SUVs - why are there so many types?
Just as there are so many types of cars and wagons to suit the buyers that require them, the SUV segments have as many customers with different needs to cater for.
They range from hard-edged working off-roaders, to those who don't really need an SUV at all, but like the extra ride height for access and view ahead, while in the middle there are those who regularly tow trailers and boats and might get off road to a favourite fishing hole now and then.
In other categories there are vehicles which merely offer more talent than a hatchback and reach customers who want somewhere nice for the dog to sit and some ground clearance and easy cabin access.
Then there's the luxury set who may never need to explore the talent of their six-figure wood and leather clad edifice, but enjoy the fact that that it could go off-road if required.
SUVs - The serious ones, tough as they come
Usually possessed of stiff ladder-framed chassis and selectable all-wheel-drive systems, featuring a low range selector, this type of off-roader isn't really an SUV at all, but is often used for one, even if it has less than salubrious accommodation. The fact is they look tough and generally are and many drivers like to identify with that, just as they do when wearing camo gear.
Of course these often truck-based 4x4s can do the job and most active hunters, serious fishermen and the like will only pick from a list containing three heralded names: Land Rover's Defender, the Jeep Wrangler and the 70 series Land-Cruiser.
These models have developed in recent years to offer extra doors, longer wheelbases and up to seven seat options, which probably add to their SUV aspirations more than their already well-known off-road talent.
OUR PICK: Jeep Wrangler.
SUVs - Luxury cars but still talented in the dirt
The same makers above provide serious off-roaders but with as much luxury as a limousine in the form of the Range-Rovers from Land Rover, Toyota's 200-series Land Cruiser and Lexus LX560, Volvo's XC90, the Porsche Cayenne, VW Toureg, the Audi Q7 and Jeep's Grand Cherokee, each of which are most often seen strutting their stuff in leafier suburbs and transporting children.
They're not often used off road, but in the right hands, they'll outperform some of the SUVs in the section above. As well as the usual suspects, Nissan also offers its huge new Patrol, and while it has nowhere near the class of the Range Rover, the Mitsubishi Pajero is a can-do truck with luxury interior appointments.
OUR PICK: Range Rover Sport.
SUVs - Less talented downsized luxury SUVs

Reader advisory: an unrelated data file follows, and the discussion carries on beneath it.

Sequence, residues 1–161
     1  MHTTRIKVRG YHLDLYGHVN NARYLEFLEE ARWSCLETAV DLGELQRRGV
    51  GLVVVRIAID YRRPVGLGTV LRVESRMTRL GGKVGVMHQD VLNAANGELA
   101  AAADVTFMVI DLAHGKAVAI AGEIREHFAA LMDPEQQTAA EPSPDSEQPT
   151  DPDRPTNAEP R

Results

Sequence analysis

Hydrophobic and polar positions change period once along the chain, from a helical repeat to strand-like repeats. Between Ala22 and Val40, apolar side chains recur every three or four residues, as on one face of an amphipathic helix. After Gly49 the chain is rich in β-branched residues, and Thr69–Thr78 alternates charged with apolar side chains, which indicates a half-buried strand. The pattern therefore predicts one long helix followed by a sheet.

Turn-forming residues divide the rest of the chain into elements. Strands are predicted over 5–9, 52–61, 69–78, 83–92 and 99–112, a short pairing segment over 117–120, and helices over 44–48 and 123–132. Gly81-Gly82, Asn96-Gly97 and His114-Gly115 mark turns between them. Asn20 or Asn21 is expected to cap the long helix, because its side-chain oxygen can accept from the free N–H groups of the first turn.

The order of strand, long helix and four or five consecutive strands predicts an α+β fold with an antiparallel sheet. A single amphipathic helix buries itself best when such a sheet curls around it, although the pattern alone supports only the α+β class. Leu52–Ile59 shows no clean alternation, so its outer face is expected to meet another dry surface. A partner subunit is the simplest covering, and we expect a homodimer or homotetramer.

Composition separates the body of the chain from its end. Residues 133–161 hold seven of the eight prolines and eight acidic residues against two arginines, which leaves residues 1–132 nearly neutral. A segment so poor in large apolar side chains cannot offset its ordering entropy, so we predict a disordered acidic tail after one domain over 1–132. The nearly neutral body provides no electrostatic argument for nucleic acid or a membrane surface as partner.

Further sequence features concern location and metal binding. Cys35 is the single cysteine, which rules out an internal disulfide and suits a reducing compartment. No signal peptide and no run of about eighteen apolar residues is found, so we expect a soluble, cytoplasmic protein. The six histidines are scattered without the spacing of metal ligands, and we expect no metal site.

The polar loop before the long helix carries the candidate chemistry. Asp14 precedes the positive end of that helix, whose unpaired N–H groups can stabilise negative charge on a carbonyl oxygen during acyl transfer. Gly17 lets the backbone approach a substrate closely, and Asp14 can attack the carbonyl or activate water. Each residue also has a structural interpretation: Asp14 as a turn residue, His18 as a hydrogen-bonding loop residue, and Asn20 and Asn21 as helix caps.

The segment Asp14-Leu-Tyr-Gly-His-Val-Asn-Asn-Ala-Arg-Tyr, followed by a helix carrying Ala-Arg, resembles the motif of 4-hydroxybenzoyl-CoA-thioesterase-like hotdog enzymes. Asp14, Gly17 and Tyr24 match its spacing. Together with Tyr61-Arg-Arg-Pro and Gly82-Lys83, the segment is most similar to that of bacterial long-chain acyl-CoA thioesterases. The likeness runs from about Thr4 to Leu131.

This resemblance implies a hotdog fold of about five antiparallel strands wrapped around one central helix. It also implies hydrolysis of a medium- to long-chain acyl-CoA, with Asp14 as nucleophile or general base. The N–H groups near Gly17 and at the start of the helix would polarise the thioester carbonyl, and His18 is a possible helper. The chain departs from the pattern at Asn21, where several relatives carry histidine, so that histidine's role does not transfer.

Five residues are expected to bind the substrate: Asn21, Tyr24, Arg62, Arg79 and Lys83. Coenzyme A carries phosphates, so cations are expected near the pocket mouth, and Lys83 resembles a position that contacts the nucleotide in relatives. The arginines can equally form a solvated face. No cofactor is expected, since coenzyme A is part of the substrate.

Audi, BMW, Range Rover, and Porsche each have smaller luxo soft-roaders spun-off from their larger siblings and a brief glance through traffic proves how popular they are - selling like hot cakes, despite asking more than the better suited off-roader below.
OUR PICK: Porsche Macan.
SUVs - Mid-priced models with some serious off-road talent
Toyota's Prado and the Land Rover Discovery are the leaders here, with very tough underpinnings and real off-road credentials and slightly lower on the list is the talented part-framed Kia Sorento, Jeep's soon to be replaced current Cherokee and the Mitssubishi Challenger as well as the Isuzu MUX, Holden Colorado 7 and soon to be launched Ford Everest, the latter three being based on trusted and popular pick-ups.
OUR PICK: Land Rover Discovery.
SUVs - Crossover large sedan replacements
Automotive proof of the fact that owners of large sedans are not downsizing at all, these are the five and seven-seater two and four-wheel-drive crossovers they're moving their passenger and load space needs over to.
Holden's Highlander, the new Nissan Pathfinder, Ford's Territory, the Mazda CX-9, Holden Captiva, Dodge Journey, and Hyundai Santa Fe all fit in here.
All of these offer the seven seat and six-cylinder options punters are looking for along with occasional gravel road and soft-roading ability, but only the two Aussie brands and the Hyundai afford a diesel option.
OUR PICK: Toyota Highlander.
SUVs - C-segment soft-roaders
These do the same job in their segement as the large car alternatives above.
Ford fronts up with its Kuga, as do Honda and Toyota with their well-liked respective RAV4 and CR-V models, along with Mitsubishi's Outlander, the Nissan X-trail and Cashqai, the Mitsubishi-based Peugeot 4008, while the four cylinder Caprivas are offered by Holden.
Other Korean-built SUVs in this slot are the Hyundai iX35 and the swoopy Kia Sportage, while in the same price bracket are the offerings from Great Wall and Mahindra.
Volkswagen's Tiguan slots in here with its VAG group cousin, the Skoda Yeti.
OUR PICK: Skoda Yeti.
SUVs - B-segment soft-roaders
This is the segment of the moment with the Indian-built Ford EcoSport being the newest entrant, with a compelling sub-$30k sticker, and working against the Holden Trax, Peugeot 2008, the up-coming new Honda HR-V, Nissan's Juke and you could even slot the new Kia Soul into this area.
Also competing in this the newest segment of the lot is Mercedes-Benz GLA, with Audi and BMW set to create a luxury triumvirate in the segment by the end of 2016.
OUR PICK: Ford EcoSport.